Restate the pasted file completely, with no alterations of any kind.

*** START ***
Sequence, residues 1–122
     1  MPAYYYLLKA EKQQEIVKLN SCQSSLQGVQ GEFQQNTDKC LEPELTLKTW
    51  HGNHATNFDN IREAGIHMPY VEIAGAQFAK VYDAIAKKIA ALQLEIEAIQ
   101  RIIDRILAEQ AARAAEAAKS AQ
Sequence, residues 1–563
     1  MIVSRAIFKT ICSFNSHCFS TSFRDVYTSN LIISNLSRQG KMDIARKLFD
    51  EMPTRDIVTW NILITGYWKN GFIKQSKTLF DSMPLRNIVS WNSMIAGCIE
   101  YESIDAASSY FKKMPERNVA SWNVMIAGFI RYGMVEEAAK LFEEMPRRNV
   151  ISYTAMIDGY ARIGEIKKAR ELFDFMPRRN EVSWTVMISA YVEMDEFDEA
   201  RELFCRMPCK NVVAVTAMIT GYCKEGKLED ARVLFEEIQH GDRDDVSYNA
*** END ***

Sequence, residues 1–122
     1  MPAYYYLLKA EKQQEIVKLN SCQSSLQGVQ GEFQQNTDKC LEPELTLKTW
    51  HGNHATNFDN IREAGIHMPY VEIAGAQFAK VYDAIAKKIA ALQLEIEAIQ
   101  RIIDRILAEQ AARAAEAAKS AQ
Sequence, residues 1–563
     1  MIVSRAIFKT ICSFNSHCFS TSFRDVYTSN LIISNLSRQG KMDIARKLFD
    51  EMPTRDIVTW NILITGYWKN GFIKQSKTLF DSMPLRNIVS WNSMIAGCIE
   101  YESIDAASSY FKKMPERNVA SWNVMIAGFI RYGMVEEAAK LFEEMPRRNV
   151  ISYTAMIDGY ARIGEIKKAR ELFDFMPRRN EVSWTVMISA YVEMDEFDEA
   201  RELFCRMPCK NVVAVTAMIT GYCKEGKLED ARVLFEEIQH GDRDDVSYNA